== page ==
The Case for Saturated Fat

It wasn’t until fairly recently that nutritionists began recommending saturated fat as an actual health food. As low-carb lifestyles became even more popular, holistic approaches like the Paleo diet, which advocates for the consumption of protein and fats alongside naturally occurring carbohydrate-rich foods like fruits and sweet potatoes, came into fashion. And by 2014, we crossed into the newest frontier: ketogenic eating.

Spearheaded by research such as Dr. David Perlmutter’s in his book “Grain Brain,” the keto movement, which involves a high consumption of fats in proportion to protein and carbohydrates, came into the spotlight. “Keto Clarity” by Jimmy Moore and The Bulletproof Diet” by Dave Asprey (for the record: no, I am not advocating for putting butter in your coffee) posed an idea that until very recently was too scary to entertain: that fats, including saturated fats, should actually be the building blocks of our diet.

Of course, this was when coconut oil, a rich, whole-food source of saturated fat, started gaining steam. The research behind high-fat diets is more solid than you might think, but perhaps more importantly, the research against fats is a lot less solid than most people realize.

In fact, according to a Harvard School of Public Health review titled “Types of Dietary Fat and Risk of Coronary Heart Disease: A Critical Review,” just one study out of thousands has ever found an association between saturated fat and heart disease. Just one. Meanwhile, a huge smear campaign against fat, one that has billions of dollars tied up in promoting “heart-healthy” choices low in fat and cholesterol, has been remarkably ineffective at improving public health.

“During the past several decades,” write the study’s authors, “reduction in fat intake has been the main focus of national dietary recommendations. In the public’s mind, the words ‘dietary fat’ have become synonymous with obesity and heart disease, whereas the words ‘low-fat’ and ‘fat-free’ have become synonymous with heart health… It is now increasingly recognized that the low-fat campaign has been based on little scientific evidence and may have caused unintended health consequences.”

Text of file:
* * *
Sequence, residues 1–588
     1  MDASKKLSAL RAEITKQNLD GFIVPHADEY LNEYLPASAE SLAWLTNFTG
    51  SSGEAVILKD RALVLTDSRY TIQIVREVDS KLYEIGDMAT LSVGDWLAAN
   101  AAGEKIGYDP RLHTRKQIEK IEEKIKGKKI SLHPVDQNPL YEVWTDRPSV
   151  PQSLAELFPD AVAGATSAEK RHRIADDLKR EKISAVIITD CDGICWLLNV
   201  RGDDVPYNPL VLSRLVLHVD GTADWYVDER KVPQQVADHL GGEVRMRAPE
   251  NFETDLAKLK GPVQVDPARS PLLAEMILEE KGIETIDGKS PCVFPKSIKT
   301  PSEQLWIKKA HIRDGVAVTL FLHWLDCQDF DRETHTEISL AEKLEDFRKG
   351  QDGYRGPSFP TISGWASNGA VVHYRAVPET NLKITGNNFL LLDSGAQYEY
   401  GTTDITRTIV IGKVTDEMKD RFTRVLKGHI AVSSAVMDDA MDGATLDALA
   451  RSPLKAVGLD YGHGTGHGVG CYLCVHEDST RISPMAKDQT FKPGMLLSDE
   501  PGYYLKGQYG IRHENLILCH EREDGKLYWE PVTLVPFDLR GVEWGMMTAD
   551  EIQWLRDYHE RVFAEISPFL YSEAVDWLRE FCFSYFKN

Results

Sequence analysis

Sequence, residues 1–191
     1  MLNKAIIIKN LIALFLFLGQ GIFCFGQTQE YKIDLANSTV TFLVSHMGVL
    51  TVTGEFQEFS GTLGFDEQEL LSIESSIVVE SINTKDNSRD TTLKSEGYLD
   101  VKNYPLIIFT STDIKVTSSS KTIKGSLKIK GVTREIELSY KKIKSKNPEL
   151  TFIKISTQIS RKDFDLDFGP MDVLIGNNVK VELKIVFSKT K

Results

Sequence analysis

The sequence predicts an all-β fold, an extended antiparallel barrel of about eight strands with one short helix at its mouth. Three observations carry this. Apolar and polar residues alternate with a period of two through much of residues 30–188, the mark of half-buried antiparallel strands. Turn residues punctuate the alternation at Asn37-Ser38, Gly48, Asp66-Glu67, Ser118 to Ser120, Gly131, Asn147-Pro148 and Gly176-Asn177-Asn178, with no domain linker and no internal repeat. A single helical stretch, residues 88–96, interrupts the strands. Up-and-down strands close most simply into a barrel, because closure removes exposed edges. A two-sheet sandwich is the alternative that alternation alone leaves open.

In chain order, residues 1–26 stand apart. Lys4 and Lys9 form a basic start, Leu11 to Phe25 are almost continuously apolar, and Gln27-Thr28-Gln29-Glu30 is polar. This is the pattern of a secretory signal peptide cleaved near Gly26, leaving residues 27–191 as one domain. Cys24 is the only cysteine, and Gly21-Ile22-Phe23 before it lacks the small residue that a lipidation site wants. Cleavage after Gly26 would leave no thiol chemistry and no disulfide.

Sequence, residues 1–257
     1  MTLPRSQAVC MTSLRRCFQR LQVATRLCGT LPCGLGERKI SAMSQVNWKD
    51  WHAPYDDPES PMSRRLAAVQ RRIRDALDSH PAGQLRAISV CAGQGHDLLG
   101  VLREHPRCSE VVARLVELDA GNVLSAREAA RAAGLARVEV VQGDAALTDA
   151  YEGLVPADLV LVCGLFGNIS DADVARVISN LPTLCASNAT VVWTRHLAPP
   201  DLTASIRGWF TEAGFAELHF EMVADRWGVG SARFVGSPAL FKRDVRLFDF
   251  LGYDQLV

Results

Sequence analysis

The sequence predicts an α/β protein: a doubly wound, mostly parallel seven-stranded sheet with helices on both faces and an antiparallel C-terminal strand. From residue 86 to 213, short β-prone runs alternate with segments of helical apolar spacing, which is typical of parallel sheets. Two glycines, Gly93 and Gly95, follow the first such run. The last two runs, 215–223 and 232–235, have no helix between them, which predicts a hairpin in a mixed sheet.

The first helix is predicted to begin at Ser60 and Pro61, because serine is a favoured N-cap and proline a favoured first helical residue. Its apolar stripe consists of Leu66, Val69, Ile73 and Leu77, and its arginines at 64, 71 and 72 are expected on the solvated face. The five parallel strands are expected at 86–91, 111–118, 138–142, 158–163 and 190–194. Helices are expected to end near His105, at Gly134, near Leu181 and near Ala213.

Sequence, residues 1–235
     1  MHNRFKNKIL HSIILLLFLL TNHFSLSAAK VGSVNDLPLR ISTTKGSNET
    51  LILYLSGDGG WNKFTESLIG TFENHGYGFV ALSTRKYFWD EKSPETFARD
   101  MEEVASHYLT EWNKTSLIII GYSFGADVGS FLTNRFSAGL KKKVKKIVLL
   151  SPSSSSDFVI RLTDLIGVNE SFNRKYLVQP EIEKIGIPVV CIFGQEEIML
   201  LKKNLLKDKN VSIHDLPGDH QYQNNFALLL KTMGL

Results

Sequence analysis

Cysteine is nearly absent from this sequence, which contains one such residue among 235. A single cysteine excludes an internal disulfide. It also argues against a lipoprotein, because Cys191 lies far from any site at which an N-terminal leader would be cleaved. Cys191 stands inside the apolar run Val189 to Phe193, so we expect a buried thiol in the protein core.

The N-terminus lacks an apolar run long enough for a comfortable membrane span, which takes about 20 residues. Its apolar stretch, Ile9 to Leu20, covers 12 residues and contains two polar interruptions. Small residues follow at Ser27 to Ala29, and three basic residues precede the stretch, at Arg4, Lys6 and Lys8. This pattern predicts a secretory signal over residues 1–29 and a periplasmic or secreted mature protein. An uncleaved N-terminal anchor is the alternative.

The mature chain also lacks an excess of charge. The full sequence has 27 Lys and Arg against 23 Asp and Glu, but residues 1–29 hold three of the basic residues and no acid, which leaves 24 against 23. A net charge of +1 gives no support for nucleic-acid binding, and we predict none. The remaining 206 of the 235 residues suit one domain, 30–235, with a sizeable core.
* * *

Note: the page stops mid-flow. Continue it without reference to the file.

Meanwhile, here’s what we do know: obesity, metabolic disorders like diabetes, and blood triglycerides do seem to be correlated with heart disease. And these problems are linked with the overconsumption of sugar and refined carbohydrates, not fats.

The Future of Coconut Oil

Coconut oil is 82 percent saturated fat. Back in 1970, when Ancel Keys authored the Seven Countries Study, he took note of the fact that countries with high rates of consumption of animal products (which are also mainly composed of saturated fats) tended to have poorer heart health. That’s where fat-fear, particularly saturated fat-fear, comes from.

But the Seven Countries Study was deeply flawed in that it didn’t take into account other factors, such as countries’ smoking patterns, exercise levels, or sugar consumption. It could’ve been the combination of fat intake and sugar that caused cardiovascular disease. It could’ve been an absence of healthy vegetables. It could’ve really been anything.

So when the AHA says that coconut oil is unhealthy because it is 82 percent saturated fat, those who have kept abreast of the latest scientific studies surrounding fat consumption are left shaking their heads. If there’s no evidence to back up the theory that saturated fat causes heart disease, then we can begin to consider some of the wonderful health benefits that saturated fats provide, such as improved hormonal health, liver health, satiety, and immunity.

Nutrition isn’t as black and white as click-bait headlines would make it seem. Furthermore, real foods don’t exist in a vacuum. A diet that’s consistently low in carbohydrates and high in whole, saturated fats from coconut oil and pasture-raised animal meats will probably have very different health effects than a diet that contains breakfast sausage, bacon, and burgers with toast on the side and hamburger buns to boot. Over time, it’s real-food diets that make for good nutrition, and saturated fats can and should be a component of those diets.

*Disclaimer: I’m not an RD (Registered Dietician), and you shouldn’t take this as medical advice! I’m a health and science writer who has written extensively on the current research regarding diet and health.

Why Eating High-Fat, Low-Carb Is Good For Your Body

Those who know me well know that I’ve followed a lot of weird diets over the years. I’ve tried going vegan, I was vegetarian for a year, I’ve flirted with the ketogenic (aka keto) lifestyle, and I even tried Atkins when I initially lost 40 pounds at the age of 18. Now that I’m in my late 20s, I can officially say that I’ve been researching health and nutrition for a full 10 years. It’s my passion. And that’s why I’ve turned health writing into a career.